Professorial elitism

An interesting study undertaken recently in the United States found that over half of all tenured university lecturers in a very large sample were graduates of just ’18 elite universities’ (which in the US would be a tiny proportion of the university sector as a whole). The study concluded that access to higher education was firmly established across the country, but:

‘… Most universities are not very successful at generating professors, and most people only get doctorates because they intend to go into academia. Should these lower-prestige institutions even bother granting PhDs at all?’

There are various observations and assumptions in all of this, and they are worth analysing. First, the assumption is that people who do PhD research are generally intending to be academics. Secondly, the study observes that a small number of elite universities educate most academics. Finally, this means that the academy, as distinct from the population it teaches, is hugely elitist.  If these assumptions are correct, and moreover if they are also correct for other higher education sectors beyond the United States, they should give us some cause for concern.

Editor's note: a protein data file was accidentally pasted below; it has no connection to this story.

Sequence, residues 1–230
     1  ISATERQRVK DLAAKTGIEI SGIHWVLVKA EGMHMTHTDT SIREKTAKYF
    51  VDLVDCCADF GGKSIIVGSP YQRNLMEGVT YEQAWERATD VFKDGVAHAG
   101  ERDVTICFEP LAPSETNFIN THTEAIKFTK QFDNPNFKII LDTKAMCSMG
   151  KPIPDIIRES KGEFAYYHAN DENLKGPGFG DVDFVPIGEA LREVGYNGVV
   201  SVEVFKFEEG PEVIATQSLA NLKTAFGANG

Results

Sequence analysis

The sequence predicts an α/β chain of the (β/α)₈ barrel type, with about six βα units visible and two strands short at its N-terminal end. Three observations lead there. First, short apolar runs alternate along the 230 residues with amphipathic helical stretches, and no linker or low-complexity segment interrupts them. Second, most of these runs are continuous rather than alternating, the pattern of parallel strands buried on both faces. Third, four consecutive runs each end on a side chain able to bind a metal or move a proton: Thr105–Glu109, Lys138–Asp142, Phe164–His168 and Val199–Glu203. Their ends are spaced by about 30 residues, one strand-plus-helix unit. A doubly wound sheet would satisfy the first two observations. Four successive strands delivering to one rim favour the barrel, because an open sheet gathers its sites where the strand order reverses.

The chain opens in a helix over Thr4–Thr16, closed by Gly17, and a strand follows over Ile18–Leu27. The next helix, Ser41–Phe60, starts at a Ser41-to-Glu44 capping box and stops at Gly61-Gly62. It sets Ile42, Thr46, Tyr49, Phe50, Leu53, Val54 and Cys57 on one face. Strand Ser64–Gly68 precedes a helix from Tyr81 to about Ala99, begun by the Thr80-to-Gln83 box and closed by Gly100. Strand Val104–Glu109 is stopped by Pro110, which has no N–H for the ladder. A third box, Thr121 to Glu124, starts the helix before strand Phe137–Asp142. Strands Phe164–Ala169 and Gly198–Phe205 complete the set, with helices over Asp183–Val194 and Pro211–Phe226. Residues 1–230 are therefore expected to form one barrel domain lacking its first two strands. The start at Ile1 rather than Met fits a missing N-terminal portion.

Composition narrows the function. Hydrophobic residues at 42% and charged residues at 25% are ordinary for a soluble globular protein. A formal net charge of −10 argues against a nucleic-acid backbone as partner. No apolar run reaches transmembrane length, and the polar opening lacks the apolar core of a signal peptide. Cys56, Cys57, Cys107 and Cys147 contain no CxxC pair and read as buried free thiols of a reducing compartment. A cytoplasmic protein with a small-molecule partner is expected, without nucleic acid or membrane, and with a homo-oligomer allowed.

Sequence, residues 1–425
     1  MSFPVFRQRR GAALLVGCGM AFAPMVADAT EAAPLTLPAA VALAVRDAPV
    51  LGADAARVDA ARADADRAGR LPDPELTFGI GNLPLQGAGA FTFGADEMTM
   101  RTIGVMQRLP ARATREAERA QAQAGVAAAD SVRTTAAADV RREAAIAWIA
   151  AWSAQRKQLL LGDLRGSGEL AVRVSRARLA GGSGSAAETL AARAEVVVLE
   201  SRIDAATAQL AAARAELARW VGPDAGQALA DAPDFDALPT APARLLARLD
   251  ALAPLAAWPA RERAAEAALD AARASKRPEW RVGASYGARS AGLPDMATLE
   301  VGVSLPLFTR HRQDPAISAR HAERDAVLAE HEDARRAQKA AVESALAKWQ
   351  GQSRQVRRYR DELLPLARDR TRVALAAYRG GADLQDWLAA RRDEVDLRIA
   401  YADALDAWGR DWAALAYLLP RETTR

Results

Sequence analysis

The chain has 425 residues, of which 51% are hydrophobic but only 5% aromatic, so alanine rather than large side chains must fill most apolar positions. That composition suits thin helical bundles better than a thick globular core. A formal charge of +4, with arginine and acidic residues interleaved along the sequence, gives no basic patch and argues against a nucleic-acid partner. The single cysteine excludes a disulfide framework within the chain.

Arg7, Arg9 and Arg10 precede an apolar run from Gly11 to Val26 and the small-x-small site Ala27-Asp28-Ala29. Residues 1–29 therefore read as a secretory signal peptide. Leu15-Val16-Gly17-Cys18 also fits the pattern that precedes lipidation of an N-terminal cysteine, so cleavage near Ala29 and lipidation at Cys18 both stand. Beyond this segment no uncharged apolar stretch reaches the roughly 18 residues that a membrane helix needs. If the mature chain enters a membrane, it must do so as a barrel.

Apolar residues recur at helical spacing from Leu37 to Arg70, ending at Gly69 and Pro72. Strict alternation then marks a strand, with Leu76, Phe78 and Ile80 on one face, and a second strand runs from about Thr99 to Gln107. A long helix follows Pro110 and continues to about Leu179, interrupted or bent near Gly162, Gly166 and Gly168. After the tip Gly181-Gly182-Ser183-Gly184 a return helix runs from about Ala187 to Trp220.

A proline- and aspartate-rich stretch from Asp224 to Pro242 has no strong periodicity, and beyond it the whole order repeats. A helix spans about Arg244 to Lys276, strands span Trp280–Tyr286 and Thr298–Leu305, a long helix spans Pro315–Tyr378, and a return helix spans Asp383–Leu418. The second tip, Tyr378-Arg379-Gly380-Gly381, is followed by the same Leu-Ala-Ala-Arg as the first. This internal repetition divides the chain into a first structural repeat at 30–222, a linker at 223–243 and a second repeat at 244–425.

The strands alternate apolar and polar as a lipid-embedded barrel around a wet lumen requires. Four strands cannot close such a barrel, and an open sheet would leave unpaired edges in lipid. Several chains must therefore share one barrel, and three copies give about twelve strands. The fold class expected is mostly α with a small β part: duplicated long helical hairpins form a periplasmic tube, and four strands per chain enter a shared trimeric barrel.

I am not aware of any similar study in the UK or Ireland, but it would not be excessively difficult to undertake. I would not claim to have done anything scientific, but I have taken three universities, two in the UK and one in Ireland, and have looked at a sample of their academic staff to see what the position might be. My initial impression (and I can hardly claim more than that) is that we don’t have the same phenomenon this side of the Atlantic. All three universities would be considered to be in the middle range rather than ‘elite’; in all three a significant proportion of academics are graduates of the institution they now teach in, followed by a group who are graduates of what one might call similar institutions. Of the 100 academics I sampled across the institutions, only three were graduates of Oxford or Cambridge. In fact Harvard and Stamford were better represented.